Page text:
What is Slow FIRE? The smell the roses road to financial independence

slow fire
Photo by Diana Măceşanu on Unsplash

Immediate gratification is great. Rewards today are better than rewards tomorrow. Our reflexive brain is designed to tell us that. We have a strange relationship with our future selves. Future us is abstract and it’s hard for us to wrap our tiny brains around the concept. Me? But not right now me? 

People seeking FIRE have a massive goal. Earn and invest money so you have enough money. Enough money to quit the job you hate. Enough money to make work optional. Enough money to live a peaceful life on your own terms. It’s the dream. Getting to this goal tomorrow is better than getting to this goal 3 years from now. Right? Slow your roll on mate, not so fast.

Accelerating your timeline between now and your FIRE date requires change.

  • You need to earn more. 
  • You need to save and invest more.
  • You need to earn higher returns on your investments.
  • You need to lower your monthly cost of living. 

Those are basic moves that you must make to accelerate your timeline. 

  • Earning more requires working more, that sucks.
  • Saving more and investing more requires spending less, that’s not as fun.
  • Earning higher returns on your investments requires taking more risk, yikes.
  • Lowering your monthly cost of living requires more frugality, also not fun. 

If all the actions you must take to speed up your FIRE timeline stink, you need to ask yourself. Is it worth it? Is an earlier exit from your corporate prison worth the extra marginal effort? The choice is up to you. If the answer is no. Then you’ve decided on a journey known as slow FIRE or slow FI. 

What is Slow FIRE aka Slow FI? 

A journey to financial independence that balances spending today and investing for tomorrow. It’s the FIRE roadmap designed to allow you to smell the roses along the way. It’s driving down the FIRE highway with the cruise control set to 5 MPH under the speed limit.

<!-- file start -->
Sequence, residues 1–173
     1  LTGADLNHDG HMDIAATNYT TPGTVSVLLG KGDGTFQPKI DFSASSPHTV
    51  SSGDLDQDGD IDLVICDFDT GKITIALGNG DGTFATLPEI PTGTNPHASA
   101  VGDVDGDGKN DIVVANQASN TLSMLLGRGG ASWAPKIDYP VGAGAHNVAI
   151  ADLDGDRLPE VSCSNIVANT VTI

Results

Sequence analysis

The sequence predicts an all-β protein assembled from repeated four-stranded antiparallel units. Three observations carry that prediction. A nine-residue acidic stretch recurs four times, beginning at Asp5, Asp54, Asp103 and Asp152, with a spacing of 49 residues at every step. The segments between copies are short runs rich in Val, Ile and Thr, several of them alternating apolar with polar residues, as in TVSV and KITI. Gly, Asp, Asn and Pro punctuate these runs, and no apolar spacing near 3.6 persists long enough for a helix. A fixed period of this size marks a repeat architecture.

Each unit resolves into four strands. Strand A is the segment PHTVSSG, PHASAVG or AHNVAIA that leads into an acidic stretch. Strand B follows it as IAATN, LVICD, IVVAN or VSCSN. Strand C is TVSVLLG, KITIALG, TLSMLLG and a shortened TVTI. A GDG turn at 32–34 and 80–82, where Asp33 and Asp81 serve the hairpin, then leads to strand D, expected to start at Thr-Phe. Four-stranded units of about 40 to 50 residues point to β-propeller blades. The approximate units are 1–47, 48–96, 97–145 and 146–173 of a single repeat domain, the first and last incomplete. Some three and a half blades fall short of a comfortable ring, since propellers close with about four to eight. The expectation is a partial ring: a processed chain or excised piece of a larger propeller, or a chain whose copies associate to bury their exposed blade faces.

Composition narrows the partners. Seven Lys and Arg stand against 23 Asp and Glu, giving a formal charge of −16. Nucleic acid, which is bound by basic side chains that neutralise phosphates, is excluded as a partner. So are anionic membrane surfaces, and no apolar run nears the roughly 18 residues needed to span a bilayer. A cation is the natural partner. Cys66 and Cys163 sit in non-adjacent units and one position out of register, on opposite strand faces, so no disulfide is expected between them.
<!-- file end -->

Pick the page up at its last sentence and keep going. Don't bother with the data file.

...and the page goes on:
Slow FIRE = FIRE at 80%

Jog Towards Financial Independence

Make a transition plan. Many retirees have regrets about leaving their careers. Learn from their mistakes. What is it that you want? What will you miss if you wake up tomorrow and never go back to work? How will you find fulfillment? What will make you feel significant and needed? What social interactions will fill your week with positive energy?

Is there a better version of your job that you’d actually love? What areas of your current work do you enjoy? If you spent 80% of your time working on the enjoyable parts, does the other 20% of garbage become tolerable? Are there certain people that you work with that suck the positive energy from your workday? If you separated yourself from them, is the work actually enjoyable? A bad apple can ruin an entire team’s morale. 

  • Don’t confuse shit work with shit coworkers.  
  • I’ve seen a single rotten manager ruin the culture of an entire company. It’s possible.  
  • Don’t rush. Practice. Plan a transition. 

Enjoy a Few of the Finer Things Now

It’s important to avoid lifestyle creep. Avoid the temptation to buy a bigger house or fancier things. A higher income doesn’t mean you must spend more.

Splurging in categories like housing or cars costs your money three times. 

  1. Once when you layout large chunks of money. 
  2. Again because your monthly expenses are higher. 
  3. And again because you now need more money to retire. 

Splurge on experiences. 

Splurge on quality durable goods that will last you for decades. When you splurge in these categories you don’t increase your recurring monthly cost of living. 

When you enjoy your money today and spend it on experiences you create lasting memories. If you’re lucky, memories that will last a lifetime. That’s money well spent. 

When you enjoy your money today and spend it on high-quality goods you get to enjoy the purchases for many years. Additionally, you don’t have to worry about shopping or replacing these goods. There is a tangible and undervalued benefit when you buy high-quality goods.